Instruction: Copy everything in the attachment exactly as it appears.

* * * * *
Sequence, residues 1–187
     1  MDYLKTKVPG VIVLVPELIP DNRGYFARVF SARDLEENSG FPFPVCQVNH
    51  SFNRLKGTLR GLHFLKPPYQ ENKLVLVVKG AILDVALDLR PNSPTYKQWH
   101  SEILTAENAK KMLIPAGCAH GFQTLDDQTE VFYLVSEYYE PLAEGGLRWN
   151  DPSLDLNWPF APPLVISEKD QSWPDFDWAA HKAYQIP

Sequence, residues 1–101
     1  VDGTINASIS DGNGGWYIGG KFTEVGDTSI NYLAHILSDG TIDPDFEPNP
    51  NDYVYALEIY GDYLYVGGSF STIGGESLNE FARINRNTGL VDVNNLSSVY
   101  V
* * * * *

Sequence, residues 1–187
     1  MDYLKTKVPG VIVLVPELIP DNRGYFARVF SARDLEENSG FPFPVCQVNH
    51  SFNRLKGTLR GLHFLKPPYQ ENKLVLVVKG AILDVALDLR PNSPTYKQWH
   101  SEILTAENAK KMLIPAGCAH GFQTLDDQTE VFYLVSEYYE PLAEGGLRWN
   151  DPSLDLNWPF APPLVISEKD QSWPDFDWAA HKAYQIP

Sequence, residues 1–101
     1  VDGTINASIS DGNGGWYIGG KFTEVGDTSI NYLAHILSDG TIDPDFEPNP
    51  NDYVYALEIY GDYLYVGGSF STIGGESLNE FARINRNTGL VDVNNLSSVY
   101  V